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card game engine?

Any one have references to how card games are built (data structures, algorithms)?  The following website has some code in Javascript I'll be checking out, if any one has more references, please post them here:
http://www.howtocreate.co.uk/tutorials/jsexamples/solitaire.html

If possible, I would love to have any material that explains how to implement a card game using logic programmnig or constraint solving systems (academic computer science papers will be perfect).

Thanks.
falcon Send private email
Thursday, July 06, 2006
 
 
Err...

In general, you want to look at "game theory" as a mathematics field or as an economics field. The best known example is Prisoner's Dilemma.

http://en.wikipedia.org/wiki/Prisoner%27s_Dilemma

http://en.wikipedia.org/wiki/Game_theory

For card games, you'll also want to take a quick glance at the field of statistical theory as it relates to game theory. (The latter is interested in all of the possible "actions" that can be taken as well as the "rewards" whereas the former is also concerned with the probability that those "actions" will occur. Naturally, there's some overlap.)

That said, keep in mind that these topics are arguably more suited to developing games like Magic: the Gathering or Texas Hold-em, including the decision whether to bluff or call. If you're looking to make games on the level of War, Speed or Blackjack, I seriously recommend that you just get out a deck of cards, a piece of paper, a pencil and experiment.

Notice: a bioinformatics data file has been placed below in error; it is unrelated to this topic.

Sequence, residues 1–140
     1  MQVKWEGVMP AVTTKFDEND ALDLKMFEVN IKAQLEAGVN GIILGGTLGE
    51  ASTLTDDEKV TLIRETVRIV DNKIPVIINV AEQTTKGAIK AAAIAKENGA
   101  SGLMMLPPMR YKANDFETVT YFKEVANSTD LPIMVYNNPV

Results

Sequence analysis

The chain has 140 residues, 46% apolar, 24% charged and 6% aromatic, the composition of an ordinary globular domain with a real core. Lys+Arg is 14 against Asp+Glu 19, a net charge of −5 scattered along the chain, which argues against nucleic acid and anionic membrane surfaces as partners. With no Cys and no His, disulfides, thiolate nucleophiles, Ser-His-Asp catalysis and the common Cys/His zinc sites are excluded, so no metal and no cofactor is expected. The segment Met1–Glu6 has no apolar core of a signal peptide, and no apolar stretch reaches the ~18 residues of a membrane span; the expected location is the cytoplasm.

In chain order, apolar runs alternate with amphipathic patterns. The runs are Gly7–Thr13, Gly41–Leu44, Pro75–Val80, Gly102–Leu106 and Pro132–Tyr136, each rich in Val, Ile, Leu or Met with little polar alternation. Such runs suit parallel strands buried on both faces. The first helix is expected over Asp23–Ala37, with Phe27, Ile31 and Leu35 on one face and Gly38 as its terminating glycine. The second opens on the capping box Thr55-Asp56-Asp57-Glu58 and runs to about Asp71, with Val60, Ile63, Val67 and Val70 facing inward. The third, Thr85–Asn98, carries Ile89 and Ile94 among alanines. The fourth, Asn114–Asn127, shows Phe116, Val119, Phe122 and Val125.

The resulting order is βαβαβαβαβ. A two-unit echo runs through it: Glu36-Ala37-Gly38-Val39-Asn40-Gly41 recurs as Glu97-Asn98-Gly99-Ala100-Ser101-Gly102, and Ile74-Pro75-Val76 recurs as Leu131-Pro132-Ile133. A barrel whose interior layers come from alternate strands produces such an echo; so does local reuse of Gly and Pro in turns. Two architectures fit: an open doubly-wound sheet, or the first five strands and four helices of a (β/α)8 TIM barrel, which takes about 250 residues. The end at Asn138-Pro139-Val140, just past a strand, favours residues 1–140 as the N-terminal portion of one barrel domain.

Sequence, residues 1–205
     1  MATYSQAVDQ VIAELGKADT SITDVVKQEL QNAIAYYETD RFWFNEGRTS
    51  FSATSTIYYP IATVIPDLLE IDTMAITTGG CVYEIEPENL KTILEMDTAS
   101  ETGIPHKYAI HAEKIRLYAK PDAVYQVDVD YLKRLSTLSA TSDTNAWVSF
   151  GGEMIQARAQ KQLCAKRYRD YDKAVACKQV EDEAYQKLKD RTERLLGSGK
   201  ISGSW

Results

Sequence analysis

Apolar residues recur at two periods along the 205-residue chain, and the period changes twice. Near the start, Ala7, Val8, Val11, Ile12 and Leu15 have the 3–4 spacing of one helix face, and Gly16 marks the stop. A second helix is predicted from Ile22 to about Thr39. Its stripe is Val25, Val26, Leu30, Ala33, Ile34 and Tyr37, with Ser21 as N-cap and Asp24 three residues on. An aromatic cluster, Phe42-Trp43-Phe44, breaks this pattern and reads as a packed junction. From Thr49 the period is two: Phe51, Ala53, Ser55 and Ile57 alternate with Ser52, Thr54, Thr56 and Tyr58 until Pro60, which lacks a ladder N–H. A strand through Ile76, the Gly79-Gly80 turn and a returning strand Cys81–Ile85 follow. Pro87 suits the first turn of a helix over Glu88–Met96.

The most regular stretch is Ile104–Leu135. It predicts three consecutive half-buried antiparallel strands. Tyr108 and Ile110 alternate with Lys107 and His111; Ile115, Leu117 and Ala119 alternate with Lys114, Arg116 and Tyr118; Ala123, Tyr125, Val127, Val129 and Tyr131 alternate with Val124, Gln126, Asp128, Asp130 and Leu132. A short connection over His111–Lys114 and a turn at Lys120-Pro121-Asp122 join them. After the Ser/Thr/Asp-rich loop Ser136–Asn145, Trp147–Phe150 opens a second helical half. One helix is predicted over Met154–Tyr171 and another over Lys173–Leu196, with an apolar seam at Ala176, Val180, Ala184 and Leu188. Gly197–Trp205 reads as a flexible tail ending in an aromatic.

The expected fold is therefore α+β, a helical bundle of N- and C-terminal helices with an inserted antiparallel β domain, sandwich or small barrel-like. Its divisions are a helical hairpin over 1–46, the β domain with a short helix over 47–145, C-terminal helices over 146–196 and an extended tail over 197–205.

TheDavid
Thursday, July 06, 2006
 
 
Separately...  most collegate level textbooks on data structures will usually have sections on how to sort a deck of cards and other such tricks. I'm reluctant to recommend a specific edition because the editions change so frequently yet the material pretty much stays the same.

So just head over to a local college or university bookstore with a decent computer science department, look for a textbook on data structures and/or algorithms and peek at the table of contents to see if they use card games for any of their examples.  :)
TheDavid
Thursday, July 06, 2006
 
 
>>That said, keep in mind that these topics are arguably more suited to developing games like Magic: the Gathering or Texas Hold-em, including the decision whether to bluff or call.<<

I just have to step in here.

With a typical face card game, there are only 52 card possibilities, (54 with jokers).  The attributes of each card are simple - a rank and a suit.  The rules of the game remain static (the hands are always the same, the winner always gets the pot). 

Collectible card games (such as M:TG and Yu-Gi-Oh) are completely different.  Yes, each card has attributes (magic cards have casting costs, colors, power/toughness, etc), but card mechanics are described in natural language.  The cards in play literally change the rules of the game.  Not only that, but you can sometimes have cards that change the text of other cards.  You need a far more robust software architecture just to represent how the game functions.

If you're implementing the latter, study up on software architecture - particularly implicit invocation.  I can tell you it's no easy task.
delete this
Thursday, July 06, 2006
 
 
I can do the sorting and the shuffling, I was trying to understand how to extract a single engine for a number of similar card games, how to organize the deck vs locations where cards can (and can't be placed), how to encofrce rules about which cards can be on top or under other cards, etc.
falcon Send private email
Friday, July 07, 2006